Geranium or Pelargonium: planting cultivation care and flowering

Undisputed flowering plants, geraniums and pelargoniums do wonders in the ground or in a planter depending on the case. They bloom from May until frost, but they are two different genera, and it is important to differentiate them because some are hardy while others do not support frost. Let us see in a nutshell what is the difference between gender Geranium and the kind Pelargonium before turning to the planting and maintenance of these annual or perennial plants which brighten flowerbeds, terraces and balconies with their pretty plain or variegated foliage and their abundant flowering in many colours.

Do not confuse Geranium and Pelargonium

Unlike botanists, home gardeners don’t always distinguish between geraniums and pelargoniums. For example, the cultivar that is commonly called Geranium lierre is a horticultural Pelargonium just like the Geranium zonale from the Pelargonium zonale. Similarly, Geranium rosat is a generic term also designating a plant of the genus Pelargonium. To make matters worse, wild species of the genus Geranium are not Pelargoniums. We can still find a common point between all these plants: they belong to the family of Geraniaceae.

It can be noted that the genus Pelargonium can be divided into three groups:

  • Pelargonium zonale,
  • Pelargonium peltatum,
  • Large-flowered pelargonium.

To find your way around, here are some distinctive criteria between the two genres.

  • Plants of the genus Geranium : for most of them, geraniums are perennials rustic who can live outside in the winter. They have 10 fertile stamens. The shape and size of all of their petals are absolutely similar. Note the absence ofhypanthium. The seed capsule of Geraniums resembles a crane beak (Geranium in Greek).
  • Plants of the genus Pelargonium : not offering no frost resistance, they do not survive outside in our winter climates. They are therefore grown as annuals. The number of fertile stamens is less than 10. The petals are of different shape and size, namely 3 lower petals and 2 upper petals, but this distinctive sign is not visible on many hybrids. On the other hand, we note the presence of a hypanthium. As for the Pelargonium seed capsule, it looks like a stork beak (Pelaragonium in Greek).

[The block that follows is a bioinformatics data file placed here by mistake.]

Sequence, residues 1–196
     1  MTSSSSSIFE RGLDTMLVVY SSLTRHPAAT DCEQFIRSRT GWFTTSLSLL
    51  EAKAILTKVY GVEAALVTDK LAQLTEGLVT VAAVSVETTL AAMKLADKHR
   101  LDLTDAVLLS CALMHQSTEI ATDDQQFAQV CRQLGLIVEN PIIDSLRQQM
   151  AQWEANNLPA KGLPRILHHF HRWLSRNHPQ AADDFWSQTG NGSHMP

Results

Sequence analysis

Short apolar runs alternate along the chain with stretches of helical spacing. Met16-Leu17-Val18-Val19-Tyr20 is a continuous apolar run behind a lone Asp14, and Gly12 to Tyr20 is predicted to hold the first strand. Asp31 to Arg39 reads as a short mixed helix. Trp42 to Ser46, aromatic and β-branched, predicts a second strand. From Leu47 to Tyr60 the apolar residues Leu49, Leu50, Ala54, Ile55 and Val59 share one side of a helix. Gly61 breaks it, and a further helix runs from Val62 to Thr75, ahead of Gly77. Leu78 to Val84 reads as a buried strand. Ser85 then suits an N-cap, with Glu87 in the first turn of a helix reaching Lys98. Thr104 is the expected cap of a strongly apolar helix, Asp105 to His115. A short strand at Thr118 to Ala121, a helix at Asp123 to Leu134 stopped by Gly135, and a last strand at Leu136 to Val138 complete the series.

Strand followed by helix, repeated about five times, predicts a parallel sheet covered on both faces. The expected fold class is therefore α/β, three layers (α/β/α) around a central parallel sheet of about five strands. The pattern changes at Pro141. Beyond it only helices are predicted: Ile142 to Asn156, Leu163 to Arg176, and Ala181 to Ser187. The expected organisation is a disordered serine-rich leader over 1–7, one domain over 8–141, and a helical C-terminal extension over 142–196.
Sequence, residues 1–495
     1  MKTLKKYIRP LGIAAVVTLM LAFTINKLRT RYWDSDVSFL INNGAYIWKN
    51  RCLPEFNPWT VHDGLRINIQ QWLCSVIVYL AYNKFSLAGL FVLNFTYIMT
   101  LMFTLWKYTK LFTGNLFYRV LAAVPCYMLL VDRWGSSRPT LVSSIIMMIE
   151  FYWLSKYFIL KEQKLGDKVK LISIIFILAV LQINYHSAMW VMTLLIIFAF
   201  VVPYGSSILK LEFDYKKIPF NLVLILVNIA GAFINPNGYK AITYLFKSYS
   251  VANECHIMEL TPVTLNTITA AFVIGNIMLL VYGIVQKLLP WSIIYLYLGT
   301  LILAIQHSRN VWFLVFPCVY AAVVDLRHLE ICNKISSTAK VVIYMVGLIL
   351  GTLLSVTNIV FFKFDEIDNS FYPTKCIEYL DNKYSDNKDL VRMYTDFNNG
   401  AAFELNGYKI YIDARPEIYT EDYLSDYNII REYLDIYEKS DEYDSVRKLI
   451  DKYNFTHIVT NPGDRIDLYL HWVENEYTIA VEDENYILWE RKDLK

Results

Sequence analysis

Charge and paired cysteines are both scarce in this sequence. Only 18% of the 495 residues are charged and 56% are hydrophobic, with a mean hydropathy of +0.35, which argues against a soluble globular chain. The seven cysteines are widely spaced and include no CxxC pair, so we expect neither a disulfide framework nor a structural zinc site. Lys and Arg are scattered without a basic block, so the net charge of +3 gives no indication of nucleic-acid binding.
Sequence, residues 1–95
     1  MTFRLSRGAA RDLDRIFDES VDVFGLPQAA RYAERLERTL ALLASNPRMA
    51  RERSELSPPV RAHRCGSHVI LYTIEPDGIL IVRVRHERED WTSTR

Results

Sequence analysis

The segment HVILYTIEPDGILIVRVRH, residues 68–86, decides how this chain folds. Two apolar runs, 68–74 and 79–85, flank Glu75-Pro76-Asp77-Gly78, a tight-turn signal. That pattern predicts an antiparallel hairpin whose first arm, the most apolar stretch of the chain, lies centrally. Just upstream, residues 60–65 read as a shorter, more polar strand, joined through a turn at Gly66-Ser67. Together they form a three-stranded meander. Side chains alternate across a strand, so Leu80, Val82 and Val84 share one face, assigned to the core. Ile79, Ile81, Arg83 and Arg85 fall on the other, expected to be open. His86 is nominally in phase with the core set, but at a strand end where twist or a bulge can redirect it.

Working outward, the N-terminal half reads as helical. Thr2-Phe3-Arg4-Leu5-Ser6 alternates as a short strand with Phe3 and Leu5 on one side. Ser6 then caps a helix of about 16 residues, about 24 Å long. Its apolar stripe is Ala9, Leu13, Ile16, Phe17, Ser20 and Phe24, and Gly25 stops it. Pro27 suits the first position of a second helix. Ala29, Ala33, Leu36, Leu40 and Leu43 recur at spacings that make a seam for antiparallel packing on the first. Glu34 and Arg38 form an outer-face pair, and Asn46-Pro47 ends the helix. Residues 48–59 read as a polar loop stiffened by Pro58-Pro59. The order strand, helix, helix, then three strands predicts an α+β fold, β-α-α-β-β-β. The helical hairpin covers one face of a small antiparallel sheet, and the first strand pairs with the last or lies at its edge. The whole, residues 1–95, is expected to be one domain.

For the most curious, note that we are talking abouthypanthium (or hypanthe) when the corolla, androecium and calyx – i.e. the whorls – are fused with the floral receptacle, so that the ovaries of the plant end up in a sort of urn.

Plant Geranium and Pelargonium

The best planting time is spring. For a culture in pot, we choose a container with a pierced bottom which can be covered with clay pebbles to promote drainage. If you plan to plant several plants in a planter, it is necessary to space them 25 cm from each other.

The perennial geraniums are also planted in the spring and grown indifferently in a jar or in the ground. They find their place in perennial beds, borders, rock gardens and pots. Care must be taken not to bury the collar. It should be flush with the ground surface.

Once planting is complete, watering should be generous enough to promote rooting.

Growing Geranium and Pelargonium

Geraniums prefer exposures semi-shaded while pelargoniums like to be placed under the sun because they need warmth. Beware, however, of south-facing situations which can be very hot in the middle of summer. As far as the soil is concerned, geraniums prefer compact, well-fertilized, cool soils without excess humidity, and pelargoniums do best in light, humus-rich and non-compact soil.

As we have seen, Geraniums are planted either in pots or in the ground, whereas it is highly preferable to settle for a pot culture for Pelargoniums.